Research Supports Adding Monarch Breeding Habitat to Iowa’s Landscape

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Steven Bradbury
Natural Resource Ecology and Management
Iowa State University

Teresa Blader
Graduate Assistant
Department of Entomology
Iowa State University

photo of establishing common milkweed in patches for experiment in prairieNearly half of Iowa farmers say in a recent Iowa Farm and Rural Life Poll that they are willing to plant monarch breeding habitat but are unsure how much land or money they would invest in the effort. Good monarch breeding habitat includes areas having milkweed for larvae and flowering plants that serve as energy sources for adults.

Research at Iowa State University, conducted as part of the Iowa Monarch Conservation Consortium, is intended to provide information to help agriculture producers make decisions about this critical issue and encourage farmers to join the effort to reestablish milkweed and forbs that support monarchs during reproductive and late summer migrations across the state.  

“We aren’t looking at interrupting corn and soybean production, but exploring the odd nooks and crannies, roadside ditches and such around farms,” said Steven Bradbury, professor in natural resource ecology and management at Iowa State University. “We know that weed management will be a concern, but the bottom line is – if patches of breeding habitat get started well and get going well they will out-compete weeds.”

Monarch Habitat Research at Iowa State

Teresa Blader, an Iowa State graduate researcher focused on monarch rearing, is completing her second year of research looking at optimal patch size, planting strategies that lead to best practices for establishing patches and appeal of different native milkweed species. She does a great deal of counting each summer – milkweed plants in a patch, eggs laid on plants, larvae feeding in patches and comparing the numbers from various sized habitat patches.

“Our findings are similar to Australian research in that the monarchs lay more eggs on small patches – sometimes on single stems, and often on small plants. Bigger patches usually contain less eggs, leaving the majority of the milkweed underutilized,” said Blader. “We are also curious if butterflies have a species preference, so I’m including swamp milkweed in my research this summer. It doesn’t spread like common milkweed, which may be appealing to some farmers, and it grows well in wet areas – which may be areas farmers would select for a patch site.”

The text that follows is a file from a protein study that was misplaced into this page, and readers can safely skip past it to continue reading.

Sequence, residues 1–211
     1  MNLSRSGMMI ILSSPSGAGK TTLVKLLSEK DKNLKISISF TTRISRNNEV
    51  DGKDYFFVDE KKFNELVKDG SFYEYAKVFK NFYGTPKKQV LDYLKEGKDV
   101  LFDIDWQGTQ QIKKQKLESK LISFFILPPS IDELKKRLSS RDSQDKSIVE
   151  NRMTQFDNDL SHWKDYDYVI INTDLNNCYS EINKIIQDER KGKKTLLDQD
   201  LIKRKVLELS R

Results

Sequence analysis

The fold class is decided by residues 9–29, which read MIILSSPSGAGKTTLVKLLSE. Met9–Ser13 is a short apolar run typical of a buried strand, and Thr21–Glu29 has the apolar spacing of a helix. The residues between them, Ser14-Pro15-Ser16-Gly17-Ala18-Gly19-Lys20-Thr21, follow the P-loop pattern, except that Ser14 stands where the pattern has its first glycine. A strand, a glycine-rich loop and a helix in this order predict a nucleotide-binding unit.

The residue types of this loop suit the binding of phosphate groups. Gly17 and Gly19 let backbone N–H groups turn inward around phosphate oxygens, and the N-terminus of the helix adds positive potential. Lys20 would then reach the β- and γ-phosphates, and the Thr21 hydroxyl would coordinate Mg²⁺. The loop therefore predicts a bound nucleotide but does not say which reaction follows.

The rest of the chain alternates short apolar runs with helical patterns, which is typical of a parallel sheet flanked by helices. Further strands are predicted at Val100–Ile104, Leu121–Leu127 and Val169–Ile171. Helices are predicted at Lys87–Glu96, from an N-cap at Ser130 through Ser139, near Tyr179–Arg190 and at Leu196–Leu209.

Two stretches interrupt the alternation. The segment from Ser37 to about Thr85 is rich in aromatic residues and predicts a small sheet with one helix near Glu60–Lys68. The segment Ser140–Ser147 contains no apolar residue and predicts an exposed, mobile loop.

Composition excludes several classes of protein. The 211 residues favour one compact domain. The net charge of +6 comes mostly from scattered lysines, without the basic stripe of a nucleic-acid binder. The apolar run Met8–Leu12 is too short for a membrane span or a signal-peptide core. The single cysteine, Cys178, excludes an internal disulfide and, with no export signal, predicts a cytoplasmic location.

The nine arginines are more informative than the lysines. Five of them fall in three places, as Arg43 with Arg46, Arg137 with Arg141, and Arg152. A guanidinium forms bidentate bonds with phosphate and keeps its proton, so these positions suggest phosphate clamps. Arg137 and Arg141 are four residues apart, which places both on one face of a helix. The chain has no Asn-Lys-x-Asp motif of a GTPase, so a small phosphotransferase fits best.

Blader’s fellow Iowa State researchers are investigating milkweed species preferred by monarchs, monarch travel, how insects affect monarchs and monarch activity on sprayed milkweed. Iowa Monarch Conservation Consortium research has been conducted at all 15 ISU Research and Demonstration farms this summer and includes a comparison of the success of direct seeding to installing transplants.

Learn more at Farm Progress Show Aug. 30- Sept. 1

The Iowa’s Monarch Conservation Consortium, which includes the Iowa State researchers, will share recent data with Farm Progress Show guests visiting the Iowa State University exhibit Aug. 30–Sept. 1. They also will share progress toward developing practical and effective guidelines for farmers and landowners. Researchers and members of the consortium will be at the Boone, Iowa event to share research data and findings, and introduce visitors to monarch habitat plants and monarch life stages.

Join the Monarch Conservation Effort

Bradbury says that through the collaboration and coordinated efforts of farmers, private citizens and the consortium’s 25+ member organizations, sound scientific and practical approaches that don’t conflict with agriculture production will become available in the near future. In the meantime he points out several things farmers can be do now to join the monarch conservation effort:

  • Take advantage of the Farm Bill programs to establish monarch breeding habitat.
  • Establish a monarch waystation – with host plants for larvae and plants that are energy sources for adults.
  • Use habitat management practices to maintain existing habitat in odd areas, roadsides and other right-of-ways.
  • Follow federal pesticide labels and state regulations.
  • Volunteer to participate in habitat demonstration projects or citizen science monitoring.

Information about these practices, current research and upcoming events is available on the consortium website.

Date of Publication: 
July, 2016